Global shares were mostly higher Thursday amid encouraging developments, including British lawmakers seeking a less chaotic exit from the European Union and the potential easing of political tensions in Hong Kong.
France’s CAC 40 rose 0.7% in early trading to 5,572.27, while Germany’s DAX also gained 0.7% to 12,111.88. Britain’s FTSE 100 inched down 0.3% to 7,286.26. U.S. shares were set to drift higher with Dow futures rising 0.7% to 26,566. S&P 500 futures were also higher, rising 0.6% to 2,957.10.
Japan’s benchmark Nikkei 225 rose 2.1% to finish at 21,085.94. Australia’s S&P/ASX 200 added 0.9% to 6,613.20, while South Korea’s Kospi gained 0.8% to 2,004.75. Hong Kong’s Hang Seng erased earlier gains and was down 0.3% at 26,446.67, while the Shanghai Composite rose 1.0% to 2,985.86.
Investors have been worried that the U.S.-China trade war and a slowing global economy could tip the U.S. into a recession. But traders set aside those concerns, focusing instead on geopolitical developments.
In Hong Kong, the government said it was formally withdrawing the extradition bill that set off three months of protests, though protesters say they will keep up their push for their other demands to be met.
In Europe, Britain’s Parliament took a big step toward passing a law that could stop Prime Minister Boris Johnson’s plan to pull out of the EU on Oct. 31 with or without a withdrawal agreement. Leaving the EU without a deal that covers trade and other issues could result in economic chaos for Britain and complicate trade with member nations in the EU.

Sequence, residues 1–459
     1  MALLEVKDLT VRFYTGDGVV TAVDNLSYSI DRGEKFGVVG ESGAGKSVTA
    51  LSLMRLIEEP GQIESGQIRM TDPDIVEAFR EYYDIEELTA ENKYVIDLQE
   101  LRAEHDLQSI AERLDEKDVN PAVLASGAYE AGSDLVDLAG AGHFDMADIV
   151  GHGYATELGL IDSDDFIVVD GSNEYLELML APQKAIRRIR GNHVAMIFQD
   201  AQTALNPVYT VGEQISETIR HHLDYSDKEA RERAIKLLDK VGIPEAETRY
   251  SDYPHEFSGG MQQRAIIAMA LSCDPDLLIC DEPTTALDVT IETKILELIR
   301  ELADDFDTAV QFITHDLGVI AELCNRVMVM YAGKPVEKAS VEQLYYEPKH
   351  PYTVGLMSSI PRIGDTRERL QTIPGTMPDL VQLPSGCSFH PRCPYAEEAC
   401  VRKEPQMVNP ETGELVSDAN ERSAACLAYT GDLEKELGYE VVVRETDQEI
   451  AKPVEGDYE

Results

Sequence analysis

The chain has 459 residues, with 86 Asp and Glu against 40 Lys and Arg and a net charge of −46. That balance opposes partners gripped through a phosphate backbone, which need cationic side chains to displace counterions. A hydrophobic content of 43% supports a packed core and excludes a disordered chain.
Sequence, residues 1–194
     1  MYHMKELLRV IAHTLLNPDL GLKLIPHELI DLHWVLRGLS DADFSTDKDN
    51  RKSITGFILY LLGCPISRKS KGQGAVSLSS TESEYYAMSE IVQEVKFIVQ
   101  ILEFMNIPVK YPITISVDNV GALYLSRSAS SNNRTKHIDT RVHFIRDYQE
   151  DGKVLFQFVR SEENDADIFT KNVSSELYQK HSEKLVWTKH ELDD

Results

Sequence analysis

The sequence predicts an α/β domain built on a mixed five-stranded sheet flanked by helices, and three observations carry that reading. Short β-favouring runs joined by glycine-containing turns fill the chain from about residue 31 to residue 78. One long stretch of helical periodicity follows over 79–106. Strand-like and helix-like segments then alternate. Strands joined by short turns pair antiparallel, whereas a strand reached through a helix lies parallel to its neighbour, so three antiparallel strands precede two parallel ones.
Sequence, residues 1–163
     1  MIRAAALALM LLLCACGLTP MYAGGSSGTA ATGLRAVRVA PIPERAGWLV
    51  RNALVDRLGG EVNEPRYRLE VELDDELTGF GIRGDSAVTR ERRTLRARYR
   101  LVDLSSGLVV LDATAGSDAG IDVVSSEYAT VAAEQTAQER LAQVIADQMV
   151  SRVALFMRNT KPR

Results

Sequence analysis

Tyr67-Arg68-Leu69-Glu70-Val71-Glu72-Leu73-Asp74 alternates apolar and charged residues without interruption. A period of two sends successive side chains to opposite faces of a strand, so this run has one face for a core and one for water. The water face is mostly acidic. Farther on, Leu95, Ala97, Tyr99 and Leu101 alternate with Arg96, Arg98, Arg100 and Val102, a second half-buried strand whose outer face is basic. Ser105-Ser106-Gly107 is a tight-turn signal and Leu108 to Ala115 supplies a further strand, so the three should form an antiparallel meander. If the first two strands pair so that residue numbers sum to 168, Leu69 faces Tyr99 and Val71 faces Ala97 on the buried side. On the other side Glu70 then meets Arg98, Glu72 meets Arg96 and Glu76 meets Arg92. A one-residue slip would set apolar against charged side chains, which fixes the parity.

The lingering trade conflict between Washington and Beijing has roiled markets this summer. The economic uncertainty has also become a drag on companies.
On Sunday, the conflict escalated as the U.S. imposed a 15% tariff on about $112 billion of Chinese products. China responded by charging tariffs of 10% and 5% on a list of American goods.
The escalation had been expected since early August when the U.S. announced plans for the new tariff measures, prompting China to retaliate.
China’s Commerce Ministry announced Thursday that talks with the United States on ending the tariff war will take place in early October in Washington, later than previously planned.
Some analysts warned against too much optimism.
“While a drop in geopolitical risk premium comes as a welcome relief, but with the omnipresent trade war clouds looming ominously over the market threatening to come thundering down at any time, the air remains thick with caution,” said Stephen Innes, Asian Pacific market strategist with AxiTrader.
Benchmark crude oil edged down 33 cents to $55.93 a barrel. It rose $2.32 to settle at $56.26 a barrel Wednesday. Brent crude oil, the international standard, fell 25cents to $60.45 a barrel.
The dollar rose to 106.49 Japanese yen from 106.21 yen on Wednesday. The euro strengthened to $1.1039 from $1.1009.